The '14 is coming along. I have been doing some test drives. Many of the parts in this car were rejects beyond repair but yet saved from the scrap yard and assembled here. since I have never acquired a "Barn find, I built this to look like one.
Some of you may recall these early views of it:
I should mention I know the hood and front fenders are 1915. I will change them eventually. The Wheels are also wrong being 30 x 31/2 all around and square felloe.
It looks like a car that has lived a long and hard life!
For heaven's sake. That's wonderful!
Hehe, some of your reject parts are nicer than my good stuff. :-)
Wow! That really came together!
It looks like it's been together for years.
What are your plans for the upholstery?
Nice Item. Looks like the Lee car a friend of mine, Maurice Bush bought back in Georgia about 1965. Worn almost all the way out but had original top complete with generations of Wasp nests. Everyone seemed to be restoring or fixing up Ts then. Lee car had bigger crowds and more horn blowing. You did yourself proud with that one.
Very nice! Certainly looks like it has been around awhile.
What a car! Richard you are a true craftsman. Very nice pile of scrap metal. How do you find time for that?
Thanks. It has been fun to do it this way.
Ed, I have some leather seat backs from another car (not Ford) that I hope will work. The leather is old and stiff but it should soften with some work. The cushions I will make. I have a full set of new springs for it.
Although this is not a serious restoration I tried to make it an accurate '14. The frame and body panels are from one car and as many parts as I could find are the correct.
It looks great, Rich!
Very nice done Richard! And congratulation it's look pretty cool!
Dallas, it has been my main project for 3 years.
Whew!!! Richard, I feel better about my cab rebuild now. That touring will be a blast to run around in. Keep us posted.
Rich, Very nice!
I love it! Wherever you drive that car it will be the center of attention. It looks GREAT!!!!
You have got my vote for a Nobel Prize in Automobile Fixen.
Great car! So Rich when are you going to put it on canvas? Does being an artist help with resurrecting rusty panels, or does resurrecting old panels help the artist?
Rich, This would make a great cover picture on a calendar... (hint).
Very nice work
G. R. I think that paintings of cars "as found" made me want to build one. It is a little tricky to make new parts look old. When I "restored" my '15 Runabout it took a year of concentrated effort. This 3 year project had a few interruptions but probably more hours than the '15. Many parts were taken to bare metal, painted and then toned down with dirt and rust added.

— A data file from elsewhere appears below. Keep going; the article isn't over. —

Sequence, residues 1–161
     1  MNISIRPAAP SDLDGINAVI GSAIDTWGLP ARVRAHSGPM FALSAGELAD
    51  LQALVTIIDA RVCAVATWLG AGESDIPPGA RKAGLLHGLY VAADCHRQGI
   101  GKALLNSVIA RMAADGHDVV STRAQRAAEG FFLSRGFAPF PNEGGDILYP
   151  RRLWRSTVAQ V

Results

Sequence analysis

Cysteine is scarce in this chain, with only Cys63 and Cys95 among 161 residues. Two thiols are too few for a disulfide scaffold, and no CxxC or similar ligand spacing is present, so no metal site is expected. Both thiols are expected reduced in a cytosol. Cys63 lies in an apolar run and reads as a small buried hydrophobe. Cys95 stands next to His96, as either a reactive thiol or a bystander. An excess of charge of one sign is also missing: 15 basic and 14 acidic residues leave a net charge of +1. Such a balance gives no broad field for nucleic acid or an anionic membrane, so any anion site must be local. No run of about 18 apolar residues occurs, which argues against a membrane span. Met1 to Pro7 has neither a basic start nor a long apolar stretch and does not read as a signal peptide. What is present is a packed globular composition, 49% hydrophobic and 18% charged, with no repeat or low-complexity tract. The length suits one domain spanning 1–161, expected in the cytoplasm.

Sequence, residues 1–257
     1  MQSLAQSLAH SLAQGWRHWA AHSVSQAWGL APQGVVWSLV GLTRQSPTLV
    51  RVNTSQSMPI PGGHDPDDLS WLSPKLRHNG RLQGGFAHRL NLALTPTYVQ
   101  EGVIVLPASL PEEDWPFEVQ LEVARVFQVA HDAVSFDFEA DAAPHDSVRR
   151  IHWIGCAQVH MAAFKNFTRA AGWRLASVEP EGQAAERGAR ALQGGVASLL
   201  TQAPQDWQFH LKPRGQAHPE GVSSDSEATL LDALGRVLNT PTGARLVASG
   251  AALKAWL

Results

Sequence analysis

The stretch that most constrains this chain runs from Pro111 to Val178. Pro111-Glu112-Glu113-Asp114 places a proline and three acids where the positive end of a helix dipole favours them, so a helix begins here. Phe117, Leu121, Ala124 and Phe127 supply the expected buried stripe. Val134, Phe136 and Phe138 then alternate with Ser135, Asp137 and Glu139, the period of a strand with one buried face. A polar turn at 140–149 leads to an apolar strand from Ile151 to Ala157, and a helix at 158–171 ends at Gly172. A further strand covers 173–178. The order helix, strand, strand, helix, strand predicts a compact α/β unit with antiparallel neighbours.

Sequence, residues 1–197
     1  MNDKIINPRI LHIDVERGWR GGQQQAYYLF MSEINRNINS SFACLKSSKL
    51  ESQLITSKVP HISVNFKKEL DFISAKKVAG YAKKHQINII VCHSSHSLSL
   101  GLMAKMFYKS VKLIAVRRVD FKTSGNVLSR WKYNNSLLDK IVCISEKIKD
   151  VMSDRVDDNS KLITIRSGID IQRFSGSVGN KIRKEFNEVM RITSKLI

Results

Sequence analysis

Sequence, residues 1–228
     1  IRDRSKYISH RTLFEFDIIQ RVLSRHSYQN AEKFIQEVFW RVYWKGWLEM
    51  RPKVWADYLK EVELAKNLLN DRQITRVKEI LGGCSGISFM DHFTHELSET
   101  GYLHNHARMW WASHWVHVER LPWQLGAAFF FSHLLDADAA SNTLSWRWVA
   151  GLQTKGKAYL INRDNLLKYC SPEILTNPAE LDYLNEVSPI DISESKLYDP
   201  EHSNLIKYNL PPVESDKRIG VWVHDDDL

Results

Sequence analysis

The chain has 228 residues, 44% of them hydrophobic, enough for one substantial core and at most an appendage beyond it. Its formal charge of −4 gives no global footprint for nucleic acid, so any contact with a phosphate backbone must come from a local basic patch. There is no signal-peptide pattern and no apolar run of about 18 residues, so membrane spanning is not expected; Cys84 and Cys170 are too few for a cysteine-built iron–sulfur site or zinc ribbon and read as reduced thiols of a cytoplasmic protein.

I'm not sure this made sense but was very enjoyable work after having built enough shiny cars.
(Message edited by rich eagle on August 09, 2017)
Rich - I would think that the extensive response to your post here and the pictures would indicate that it made a lot of sense! I think it looks great, and what satisfaction will come from driving and showing this "old but new" car! I'm thinking that this car will become a "favorite" of yours, and unknowing people will wonder why! Cool!!!! (:^) harold
Here are a few more reports of progress I made along the way:
Today I installed my license plate bracket. I found 3 of them hooked together at Gracie's in Dillon, Mt. many years ago. She told me it was part of a clothes rack. The way they pivoted on the posts I could see why she thought that. It has rust and faded paint which match the car without any additional attention.
I made latches for this car with handles that look like correct latch handles but in fact are later latches so as not to use up the rare '15's. One change that may confuse the next owner. Also shown are six bullet holes I closed and shrunk flat. I wouldn't have tried this on a better restoration but it did turn out better than I expected.
This is a close up of some of the artificial "patina". There is a good coating of paint under the dirt and rust.
The lamp parts required some straightening, soldering and patching which doesn't show if you get far enough away. Perhaps this shows that I used less than good parts.
The reflector is broken but still works to some degree.
Really nice looking work! -Bringing a car back like that is a wonderful thing to do—for those like you who have the ability.
Y'know, I kinda like the look of the louvered hood. -Well, when you get the purist-approved hood, you can switch them back and forth as you please.
I don't have a "barn find" either so my 1915 was built to "sort of" look like one.
John, that is a great looking '15. I like that bed on it. I'll bet it comes in handy.
This illustrates the "Coat Rack" use of the license plate bracket.
The bracket was made by Diamond Edge, Shapleigh Hardware Co. St Louis. It has an Aug 2, 1912 patent.
Have fun. I'm headed to Cody to help with a VMCCA Tour. I'll talk to you after the Eclipse.